Eurovision Song Contest 2018: China banned from broadcasting Eurovision after censoring same-sex dancing
Chinese broadcaster Mango TV has reportedly been barred from televising the Eurovision Song Contest.
The broadcaster was dropped by the contest’s organising body the EBU after censoring two performances during Tuesday’s semi-final.
The EBU said in a statement: “On the 9th of May, Chinese broadcaster Mango TV broadcast the first Semi-Final of the 2018 Eurovision Song Contest live but two performances were censored.
“This is not in line with the EBU’s values of universality and inclusivity and our proud tradition of celebrating diversity through music.
“It is with regret that we will therefore immediately be terminating our partnership with the broadcaster and they will not be permitted to broadcast the second Semi-Final or the Grand Final.”
Ireland took part in Tuesday’s Eurovision Song Contest semi-final in Lisbon, where Irish entrant Ryan O’Shaughnessy took to the stage to perform the track “Together,” a moving ballad about a failed relationship.
The entry featured interpretive dancers Kevin O’Dwyer and Alan McGrath re-enacting a same-sex love story, earning praise from audience members.
The announcement comes after it was confirmed that the performance was censored from the broadcast of the contest in China.
Hunan TV holds the rights to broadcast the show in China, where it is available via its online broadcasting service Mango TV.
Eurovision fans in the country say that the broadcaster censored O’Shaughnessy’s performance in its entirety.
Broadcasting guidance in China bans “abnormal sexual relationships and behaviours, such as incest, same-sex relationships, sexual perversion, sexual assault, sexual abuse, sexual violence, and so on.”
Eurovision fansite ESCToday reports that the broadcaster also censored footage of rainbow flags being waved in the crowd at the event, using a crude ‘blur’ tool to obscure the LGBT rights symbol.
Countries taking part in the Eurovision Song Contest are obliged to air all entries in full, but as China only airs the contest as an international broadcaster it is unlikely sanctions can be pursued.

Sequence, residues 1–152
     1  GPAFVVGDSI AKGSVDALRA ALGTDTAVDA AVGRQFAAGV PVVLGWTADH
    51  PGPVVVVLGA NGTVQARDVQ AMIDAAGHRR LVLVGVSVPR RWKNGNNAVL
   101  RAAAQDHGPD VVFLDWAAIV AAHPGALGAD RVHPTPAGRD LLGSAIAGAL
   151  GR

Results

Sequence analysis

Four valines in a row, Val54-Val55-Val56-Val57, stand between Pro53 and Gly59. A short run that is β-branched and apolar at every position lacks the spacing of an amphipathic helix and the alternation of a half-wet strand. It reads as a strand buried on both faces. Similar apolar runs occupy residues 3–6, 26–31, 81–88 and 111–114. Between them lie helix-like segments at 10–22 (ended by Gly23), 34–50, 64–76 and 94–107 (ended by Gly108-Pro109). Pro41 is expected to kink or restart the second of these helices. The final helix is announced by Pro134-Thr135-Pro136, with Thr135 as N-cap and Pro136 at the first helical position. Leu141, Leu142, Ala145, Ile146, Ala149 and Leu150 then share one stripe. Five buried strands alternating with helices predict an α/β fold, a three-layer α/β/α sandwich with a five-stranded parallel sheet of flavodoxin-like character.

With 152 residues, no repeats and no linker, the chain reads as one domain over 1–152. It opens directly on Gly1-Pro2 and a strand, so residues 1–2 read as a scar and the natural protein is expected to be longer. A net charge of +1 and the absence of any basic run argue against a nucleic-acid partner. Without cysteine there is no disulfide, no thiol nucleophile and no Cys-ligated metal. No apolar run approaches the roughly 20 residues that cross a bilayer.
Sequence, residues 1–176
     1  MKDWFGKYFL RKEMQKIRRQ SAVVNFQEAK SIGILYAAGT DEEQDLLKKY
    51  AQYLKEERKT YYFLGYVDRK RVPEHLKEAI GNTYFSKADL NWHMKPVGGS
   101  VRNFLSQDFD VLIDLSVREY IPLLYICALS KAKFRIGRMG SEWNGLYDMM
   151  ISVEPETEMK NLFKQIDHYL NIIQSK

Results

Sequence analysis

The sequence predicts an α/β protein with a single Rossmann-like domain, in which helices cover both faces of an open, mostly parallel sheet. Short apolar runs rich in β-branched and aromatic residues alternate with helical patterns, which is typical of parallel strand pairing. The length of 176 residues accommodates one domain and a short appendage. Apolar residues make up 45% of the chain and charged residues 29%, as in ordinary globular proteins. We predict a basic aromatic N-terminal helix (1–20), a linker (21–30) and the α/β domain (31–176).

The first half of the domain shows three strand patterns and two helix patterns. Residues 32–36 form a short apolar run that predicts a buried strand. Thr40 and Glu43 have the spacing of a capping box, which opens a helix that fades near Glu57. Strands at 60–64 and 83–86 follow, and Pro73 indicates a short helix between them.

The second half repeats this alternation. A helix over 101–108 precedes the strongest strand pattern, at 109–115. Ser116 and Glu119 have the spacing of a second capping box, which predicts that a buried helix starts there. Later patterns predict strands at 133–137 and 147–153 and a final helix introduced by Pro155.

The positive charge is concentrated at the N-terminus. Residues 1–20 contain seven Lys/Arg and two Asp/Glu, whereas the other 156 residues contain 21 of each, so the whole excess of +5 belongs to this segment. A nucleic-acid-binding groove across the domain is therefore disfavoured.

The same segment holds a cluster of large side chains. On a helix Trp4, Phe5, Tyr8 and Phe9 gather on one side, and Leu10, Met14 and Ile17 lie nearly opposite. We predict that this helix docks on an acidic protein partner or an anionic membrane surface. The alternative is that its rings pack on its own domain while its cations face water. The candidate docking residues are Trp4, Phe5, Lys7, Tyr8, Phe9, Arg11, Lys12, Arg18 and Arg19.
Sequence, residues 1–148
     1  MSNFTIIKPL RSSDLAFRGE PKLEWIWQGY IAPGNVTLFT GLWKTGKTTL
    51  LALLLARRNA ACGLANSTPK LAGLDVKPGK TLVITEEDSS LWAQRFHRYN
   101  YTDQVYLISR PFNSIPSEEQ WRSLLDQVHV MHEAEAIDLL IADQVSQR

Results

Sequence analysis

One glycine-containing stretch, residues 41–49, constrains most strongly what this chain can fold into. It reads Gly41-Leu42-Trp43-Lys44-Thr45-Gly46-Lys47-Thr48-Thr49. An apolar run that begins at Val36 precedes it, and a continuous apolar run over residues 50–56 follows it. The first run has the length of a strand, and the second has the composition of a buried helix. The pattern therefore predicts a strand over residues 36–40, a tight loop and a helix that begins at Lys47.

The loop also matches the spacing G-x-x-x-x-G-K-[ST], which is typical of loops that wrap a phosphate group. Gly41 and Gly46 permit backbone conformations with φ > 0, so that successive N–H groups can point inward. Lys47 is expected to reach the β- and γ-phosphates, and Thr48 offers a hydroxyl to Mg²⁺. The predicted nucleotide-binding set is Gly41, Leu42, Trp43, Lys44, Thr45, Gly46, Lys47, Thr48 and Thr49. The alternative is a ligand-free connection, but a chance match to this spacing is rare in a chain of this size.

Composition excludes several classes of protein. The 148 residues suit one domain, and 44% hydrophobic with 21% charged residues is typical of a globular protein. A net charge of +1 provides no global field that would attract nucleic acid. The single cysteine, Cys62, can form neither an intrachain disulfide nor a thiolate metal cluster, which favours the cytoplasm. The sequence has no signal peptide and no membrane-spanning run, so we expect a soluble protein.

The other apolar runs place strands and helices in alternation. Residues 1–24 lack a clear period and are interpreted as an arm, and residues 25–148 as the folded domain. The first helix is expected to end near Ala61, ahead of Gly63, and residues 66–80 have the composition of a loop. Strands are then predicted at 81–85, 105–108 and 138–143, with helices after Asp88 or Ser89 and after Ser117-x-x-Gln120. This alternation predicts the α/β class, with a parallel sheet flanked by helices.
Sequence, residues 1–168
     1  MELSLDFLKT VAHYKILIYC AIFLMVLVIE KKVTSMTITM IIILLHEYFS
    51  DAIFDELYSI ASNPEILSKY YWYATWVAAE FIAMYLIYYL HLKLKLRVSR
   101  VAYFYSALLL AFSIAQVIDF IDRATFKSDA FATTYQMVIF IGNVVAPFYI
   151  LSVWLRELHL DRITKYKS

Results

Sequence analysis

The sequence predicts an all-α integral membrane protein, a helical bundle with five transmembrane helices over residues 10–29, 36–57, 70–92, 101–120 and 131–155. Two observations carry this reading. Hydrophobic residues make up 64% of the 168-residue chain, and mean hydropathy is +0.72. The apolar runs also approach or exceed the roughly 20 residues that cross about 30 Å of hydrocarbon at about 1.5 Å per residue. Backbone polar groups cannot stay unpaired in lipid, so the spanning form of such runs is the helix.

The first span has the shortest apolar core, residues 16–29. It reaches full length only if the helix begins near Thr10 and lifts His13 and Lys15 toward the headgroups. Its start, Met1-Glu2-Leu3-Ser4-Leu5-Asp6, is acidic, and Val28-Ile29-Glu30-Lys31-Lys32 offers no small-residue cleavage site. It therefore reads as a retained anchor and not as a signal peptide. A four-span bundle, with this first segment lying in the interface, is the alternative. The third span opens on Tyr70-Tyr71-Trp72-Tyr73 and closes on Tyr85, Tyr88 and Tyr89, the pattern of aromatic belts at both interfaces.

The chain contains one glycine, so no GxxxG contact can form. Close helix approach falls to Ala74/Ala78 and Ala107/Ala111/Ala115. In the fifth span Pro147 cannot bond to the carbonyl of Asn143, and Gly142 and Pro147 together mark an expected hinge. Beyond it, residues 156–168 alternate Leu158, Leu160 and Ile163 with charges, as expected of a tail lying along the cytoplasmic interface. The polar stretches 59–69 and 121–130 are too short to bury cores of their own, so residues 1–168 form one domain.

Russia, which does take part in the contest, had threatened to block the broadcast of the performance over the LGBT routine.
However, Channel One Russia eventually aired the Irish entry unedited when it aired the semi-final.
Speaking about his song, O’Shaughnessy said: “My only intention was to help people see that love is just love, and there’s no difference – whether it’s between a man and a woman, a woman and a woman or a man and a man.
“It’s so important, because not everyone is as liberal as the people in this [Eurovision press conference] room are, and the people I’ve gotten to meet over the past week.
“It’s an important thing, and I’m very proud of my country for making that change a few weeks back. I know a lot of Irish people went home to vote for the referendum on same-sex marriage, and we’re bringing a new energy back to that topic.”
Speaking to the Irish Independent, O’Shaughnessy added: “We have been the underdogs since we came here and no one thinks Ireland has what it had.
“But we made the Eurovision what it was and we are going to make it what it is in the future. We are going to win it on Saturday.
“Dublin for 2019! Unfortunately for RTE… I hope they can afford it. I am feeling so happy and I am feeling so proud of my team.”